Magic of Pitch Sequencing: Using Lin Yi-Hao as Example

Pitch Sequencing: Lin Yi-Hao

The Fubon Guardians finished their 2019 first half season in the second place, merely 3.5 games behind the Monkeys. One of the main reasons for their successful half-season is their pitching staff, as the Guardians are widely considered to have the toughest bullpen in the league.

Leading the Guardians’ iron bullpen is the hard-throwing sidearm pitcher 林羿豪 (Lin Yi-Hao). The 28-year-old right-hander is currently enjoying his best season throughout his career while dominating the league in strikeout rate (30.00%). Below is a video of Lin striking out the side against the Brothers.

If Lin’s fantastic strikeout rate did not catch your eye, take a closer look at his pitches in this article. We want to introduce “Pitch Sequencing”, it is defined as the impact of the previous pitch on the outcome of the later pitch.

Using Lin Yi-Hao as an example, we will be looking into variables that impacts “Pitch Sequencing” includes release point, location at the plate and types of breaking ball. Although Pitch Sequencing or Tunneling are high profile topics among sabermetricians or baseball analysts, they are incredibly complicated, and no conclusions have been approved yet.

Two reasons that made Lin Yi-Hao our candidate, first, he is one of the elite relievers, second, his breaking balls are relatively simple to distinguish through videos. His arsenals are fastball (51%), splitter (30%) and slurve (19%). The numbers in the brackets are the percentage of balls tossed in 2019.

Several elements we want to address before the analysis includes:

  • Two-pitch sequences only, which means we will neglect the one-pitch at-bats.
  • We only consider the combo as “end in plays” when the later pitch of the combo is the last pitch of the at-bat.
  • In the “swings and misses” section, we only mark it down when the missed ball is the second pitch of the combo.

We want to simplify the question of how “Pitch Sequencing” impacts Lin Yi-Hao’s performance. To do so, we looked at his pitch-by-pitch data across 89 at-bats.

Lin Yi-Hao’s Pitch Breakdown

Like we mentioned earlier, his pitches are composed of three different types. A strong fastball (FB) which topped 153 kph (95 mph), a rarely seen splitter (SF) for sidearm pitcher, and a nasty slurve (SR). After doing the math, there will be nine different combos for Lin. You can find the percentage of combos in the chart below.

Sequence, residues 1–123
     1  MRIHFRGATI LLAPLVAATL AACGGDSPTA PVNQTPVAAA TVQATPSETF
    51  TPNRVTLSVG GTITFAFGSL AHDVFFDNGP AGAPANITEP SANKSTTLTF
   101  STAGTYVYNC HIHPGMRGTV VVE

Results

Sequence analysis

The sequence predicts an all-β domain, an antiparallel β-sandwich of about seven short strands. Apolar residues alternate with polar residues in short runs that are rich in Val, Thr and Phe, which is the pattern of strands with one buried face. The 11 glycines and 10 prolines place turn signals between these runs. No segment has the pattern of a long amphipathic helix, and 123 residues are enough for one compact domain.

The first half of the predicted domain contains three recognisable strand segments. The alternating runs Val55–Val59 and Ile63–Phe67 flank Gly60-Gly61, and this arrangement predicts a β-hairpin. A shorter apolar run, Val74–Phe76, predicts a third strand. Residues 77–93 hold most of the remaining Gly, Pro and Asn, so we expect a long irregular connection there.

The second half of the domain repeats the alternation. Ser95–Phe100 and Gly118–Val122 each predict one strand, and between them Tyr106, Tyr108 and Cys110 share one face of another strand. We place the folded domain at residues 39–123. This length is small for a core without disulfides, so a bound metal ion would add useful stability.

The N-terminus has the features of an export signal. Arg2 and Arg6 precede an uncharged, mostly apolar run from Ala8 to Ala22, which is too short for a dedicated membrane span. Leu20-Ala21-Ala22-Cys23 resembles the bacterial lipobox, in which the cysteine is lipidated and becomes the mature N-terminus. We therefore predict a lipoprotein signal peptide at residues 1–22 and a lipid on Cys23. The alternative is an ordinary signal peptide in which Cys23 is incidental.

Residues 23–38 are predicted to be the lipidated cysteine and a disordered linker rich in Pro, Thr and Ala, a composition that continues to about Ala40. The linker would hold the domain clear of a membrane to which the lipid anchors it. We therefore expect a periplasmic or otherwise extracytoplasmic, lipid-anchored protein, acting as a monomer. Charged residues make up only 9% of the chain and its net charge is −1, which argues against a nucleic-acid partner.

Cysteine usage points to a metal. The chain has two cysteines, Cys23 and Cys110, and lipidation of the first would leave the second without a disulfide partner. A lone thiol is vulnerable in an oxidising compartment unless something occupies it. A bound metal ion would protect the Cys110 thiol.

We can easily tell that Lin heavily relies on his splitter to deceive hitters. Moreover, we want to know how the combo usages impact his performance. The rolling xOBP by game showing the relationship between sequences of the top three combos (FB-FB, SF-SF, FB-SF).

For your information, FB-SF combo significantly stood out by statistics, the relationship between xOBP and FB-SF combo had an r^2 of .59, which is extremely unbelievable. In other words, the outcome (xOBP) is strongly explained by the usage of the FB-SF combo.

Furthermore, we narrow down to slurve and fastball combos. The graph showing the relationship between FB-SR and SR-FB versus K-BB% by game. We can see that there are two significant improves (9-11 and 15-17) in K-BB%, which are directed by the usage of FB-SR.

Deadliest Combo: Splitter-Splitter

It seems Lin Yi-Hao tends to toss his slurve as his go-to-pitch, the huge velocity difference between the 146-151 kph (91-94 mph) fastball and the 120-124 kph (75-77 mph) slurve is effective. This brings us back to the concept of effective velocity.

Last but not least, before looking at any stats, we might think that a splitter following a fastball might have the highest SwStr% among all the combos, it is not the case for Lin Yi-Hao.

The back-to-back splitter combo has been a severe issue for hitters, and he only allowed two hits so far in the season. Both hits were grounders that found their way through the shift. Moreover, SwStr% is nearly two times the figure for FB-SF combos.

The video below shows how tough it is for the Uni-Lions’ slugger Su Chih-Chieh to face Lin Yi-Hao’s splitter combo.

Finally, statistics are never perfect, and limitations always exist. Although Pitch Sequencing is really fun to watch, it is difficult to say that generate a strategic conclusion. We only looked at the two-pitch sequence, but who knows whether three-pitch sequence matters more or four.

About the Author

Mark Lin is from Taiwan, who is currently studying at the City University of Hong Kong. In his spare time, Mark enjoys reading and researching about baseball analytics.


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